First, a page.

The importance of a good range of positive stability and a high ratio of positive to negative stability cannot be over-emphasized. Black Cat is a fairly slim boat by modern standards, with a deep bulb keel, fairly high freeboard and considerable volume in her trunk cabin. This combination creates a boat with high angle of vanishing stability and minimal negative stability. These features can be seen in her stability curve.
From the start of our capsize to back upright took no more than 10 seconds. In that time enough water entered to drown the electrics. I would not like to be in a boat that is inverted for a minute or two, as is likely to happen with a boat that has a much larger range of negative stability. A beamy boat with a low angle of vanishing stability could be inverted for 10 minutes or more, which would leave it at considerable risk of sinking, whether or not it rights itself. Bearing in mind that there was only the one big tubing wave on an otherwise less violent ocean, a boat with low angle of vanishing stability may well have stayed inverted indefinitely because there would not have been another similar wave to bring her back to upright.
I would like to discuss the basic principle of sailboat stability in big breaking waves. Don’t consider this as a treatise on the subject, it is merely my knowledge, gathered over many years, some of it from personal experience and some of it from reading people much more technically knowledgeable than I am. For anyone who wants to read technical material on the subject, I recommend the mighty tome Aero-Hydrodynamics of Sailing, by C.A.Marchaj (ISBN 0 229 98652 8) and Seaworthiness – The Forgotten Factor (ISBN 0 229 11673 6), by the same author. I don’t agree fully with some of the conclusions drawn by the author in the latter book, but it is a worthwhile read nevertheless.
Sailboats vary in infinite combinations of characteristics. These include the full range of values for:
• Form stability
• Ballast stability
• Moment of inertia
• Immersed lateral plane
• Superstructure volume
Depending on the exact combination of characteristics that come together in any particular boat, it will affect how the boat behaves. Two boats may look similar but if they are not identical in every way, they will behave differently when broadside to big waves. I am going to generalize when discussing these characteristics because the effect of every one of them is affected by every other characteristic on my list.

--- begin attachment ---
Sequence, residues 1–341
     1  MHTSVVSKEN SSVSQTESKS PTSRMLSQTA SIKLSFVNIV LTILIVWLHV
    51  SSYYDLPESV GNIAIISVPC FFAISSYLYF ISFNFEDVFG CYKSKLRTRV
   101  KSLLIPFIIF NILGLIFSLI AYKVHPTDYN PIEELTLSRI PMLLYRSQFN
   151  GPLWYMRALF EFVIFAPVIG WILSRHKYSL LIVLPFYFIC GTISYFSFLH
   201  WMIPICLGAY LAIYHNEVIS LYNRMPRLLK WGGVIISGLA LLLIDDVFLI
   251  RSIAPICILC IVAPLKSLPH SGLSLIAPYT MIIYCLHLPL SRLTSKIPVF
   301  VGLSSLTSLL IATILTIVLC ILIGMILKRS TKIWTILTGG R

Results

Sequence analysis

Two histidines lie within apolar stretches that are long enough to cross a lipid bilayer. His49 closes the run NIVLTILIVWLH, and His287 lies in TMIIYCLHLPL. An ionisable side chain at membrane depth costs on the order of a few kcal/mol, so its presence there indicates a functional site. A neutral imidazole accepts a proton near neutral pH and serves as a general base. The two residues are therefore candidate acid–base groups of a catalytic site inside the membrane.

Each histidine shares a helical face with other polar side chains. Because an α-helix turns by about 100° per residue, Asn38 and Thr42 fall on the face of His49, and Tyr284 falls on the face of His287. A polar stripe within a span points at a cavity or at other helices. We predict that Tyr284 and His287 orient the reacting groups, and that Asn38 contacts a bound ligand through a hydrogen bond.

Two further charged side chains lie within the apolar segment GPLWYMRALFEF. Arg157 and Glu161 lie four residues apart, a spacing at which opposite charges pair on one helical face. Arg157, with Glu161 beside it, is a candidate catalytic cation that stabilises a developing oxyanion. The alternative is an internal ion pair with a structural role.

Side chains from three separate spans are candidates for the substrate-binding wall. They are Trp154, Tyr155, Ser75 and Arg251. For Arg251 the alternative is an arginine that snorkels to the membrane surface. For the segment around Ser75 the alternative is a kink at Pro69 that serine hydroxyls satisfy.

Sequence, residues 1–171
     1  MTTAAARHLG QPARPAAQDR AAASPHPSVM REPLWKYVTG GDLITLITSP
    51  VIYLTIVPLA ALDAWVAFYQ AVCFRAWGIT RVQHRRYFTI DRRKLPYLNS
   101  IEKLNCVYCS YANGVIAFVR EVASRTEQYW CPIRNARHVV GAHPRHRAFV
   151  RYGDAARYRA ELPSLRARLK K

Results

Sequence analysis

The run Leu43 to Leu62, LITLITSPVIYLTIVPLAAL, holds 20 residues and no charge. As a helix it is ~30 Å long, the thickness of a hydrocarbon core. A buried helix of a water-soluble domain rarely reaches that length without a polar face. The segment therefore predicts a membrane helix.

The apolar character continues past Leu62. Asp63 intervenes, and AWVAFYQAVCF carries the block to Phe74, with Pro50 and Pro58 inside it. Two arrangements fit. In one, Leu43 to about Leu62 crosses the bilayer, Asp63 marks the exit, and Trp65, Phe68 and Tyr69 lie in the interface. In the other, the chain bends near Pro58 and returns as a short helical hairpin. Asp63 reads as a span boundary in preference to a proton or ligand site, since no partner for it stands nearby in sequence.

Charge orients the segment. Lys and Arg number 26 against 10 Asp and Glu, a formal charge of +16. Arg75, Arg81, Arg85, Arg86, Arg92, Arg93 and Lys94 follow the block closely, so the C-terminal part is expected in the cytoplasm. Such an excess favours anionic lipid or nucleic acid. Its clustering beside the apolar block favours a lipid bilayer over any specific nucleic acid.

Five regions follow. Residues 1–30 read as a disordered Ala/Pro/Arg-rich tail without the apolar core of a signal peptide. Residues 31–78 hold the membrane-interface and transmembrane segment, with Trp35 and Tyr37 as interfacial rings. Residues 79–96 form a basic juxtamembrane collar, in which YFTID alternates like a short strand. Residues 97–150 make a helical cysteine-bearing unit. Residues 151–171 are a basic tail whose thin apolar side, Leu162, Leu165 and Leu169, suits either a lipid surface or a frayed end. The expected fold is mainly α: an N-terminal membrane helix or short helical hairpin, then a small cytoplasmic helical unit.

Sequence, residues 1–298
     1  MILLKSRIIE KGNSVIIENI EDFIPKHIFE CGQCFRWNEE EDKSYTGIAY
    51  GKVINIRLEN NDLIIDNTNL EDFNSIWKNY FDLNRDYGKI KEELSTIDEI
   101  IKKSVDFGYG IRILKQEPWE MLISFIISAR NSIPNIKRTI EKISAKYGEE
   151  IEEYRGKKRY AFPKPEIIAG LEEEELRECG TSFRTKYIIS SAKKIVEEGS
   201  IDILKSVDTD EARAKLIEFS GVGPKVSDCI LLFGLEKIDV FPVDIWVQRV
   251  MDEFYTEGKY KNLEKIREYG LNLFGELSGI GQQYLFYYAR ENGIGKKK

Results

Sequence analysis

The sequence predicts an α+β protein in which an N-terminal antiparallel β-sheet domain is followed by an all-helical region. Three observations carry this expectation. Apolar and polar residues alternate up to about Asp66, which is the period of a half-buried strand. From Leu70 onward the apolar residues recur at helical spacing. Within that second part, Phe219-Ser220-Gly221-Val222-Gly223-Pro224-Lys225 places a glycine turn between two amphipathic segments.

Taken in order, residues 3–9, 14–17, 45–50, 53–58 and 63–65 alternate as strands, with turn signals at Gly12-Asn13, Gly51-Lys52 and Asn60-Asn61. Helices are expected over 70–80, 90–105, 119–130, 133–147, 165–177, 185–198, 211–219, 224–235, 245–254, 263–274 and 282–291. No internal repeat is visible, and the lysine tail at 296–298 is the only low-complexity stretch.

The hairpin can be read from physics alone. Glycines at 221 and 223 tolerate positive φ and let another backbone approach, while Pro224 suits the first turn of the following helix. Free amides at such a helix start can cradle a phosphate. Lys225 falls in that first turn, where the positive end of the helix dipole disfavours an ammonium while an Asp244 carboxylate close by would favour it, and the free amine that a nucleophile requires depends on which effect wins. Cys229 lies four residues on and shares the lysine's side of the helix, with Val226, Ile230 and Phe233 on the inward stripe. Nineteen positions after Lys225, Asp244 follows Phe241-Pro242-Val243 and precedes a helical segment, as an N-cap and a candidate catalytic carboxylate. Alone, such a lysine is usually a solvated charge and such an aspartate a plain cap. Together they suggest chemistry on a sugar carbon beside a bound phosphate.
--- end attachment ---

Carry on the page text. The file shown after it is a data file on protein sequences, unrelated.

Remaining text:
A light displacement boat is easily moved by whatever forces are applied to it; a heavy boat needs more force to be applied to it to produce the same reaction, even if the center of gravity (CG) of each is in the same place. This is primarily because the light boat has a low moment of inertia value and the heavy boat has a high moment of inertia value. The heavy boat is less likely to be rolled by a wave because it takes more effort to get the boat to start rotating. However, once the heavy boat starts to rotate it will also take more force to stop the rotation.
Black Cat started to capsize quickly because she is light, but for the same reason the rotation stopped quickly when the deck hit the water. A heavy boat may not have capsized as easily but may have gone all the way round instead of reversing direction after landing. Beam affects interior space and sail-carrying power but beam will also increase the amount of negative stability that will slow the recovery from a capsize.
A boat with slack bilges, wineglass sections and full keel has low form stability and another of the same beam but with shallow underbody, firm bilges and fin keel has high form stability. The boat with low form stability is somewhat like a semi-spherical glass bowl if you float it in a bath of water. Kick up a storm in the water and the bowl will stay fairly upright on the moving water. Let the water settle and then push down on one edge of the bowl then let it go and the bowl with rock back and forth for a while. In contrast the boat with high form stability is more like a flat cutting board floating in that same bath. Roughen up the water and the board jumps around, staying flat against the moving surface of the water. Let the water settle then push down on one edge of the board and it returns very quickly to horizontal. In reality all boats will fit somewhere between the bowl and board extremes but tend toward one or other side of the average.
Didi 38 Stability Curve
The boat with slack bilges tends to stay fairly upright when a long swell passes under it. However, once it gets moving there is not much to stop it, so it can get into harmonic rhythm with the waves and roll very heavily. It can become very uncomfortable, difficult to sail in light breezes with big seas and can throw itself into a capsize if a wave breaks against it at the same time as it is already rolling itself in the direction that the wave will roll it.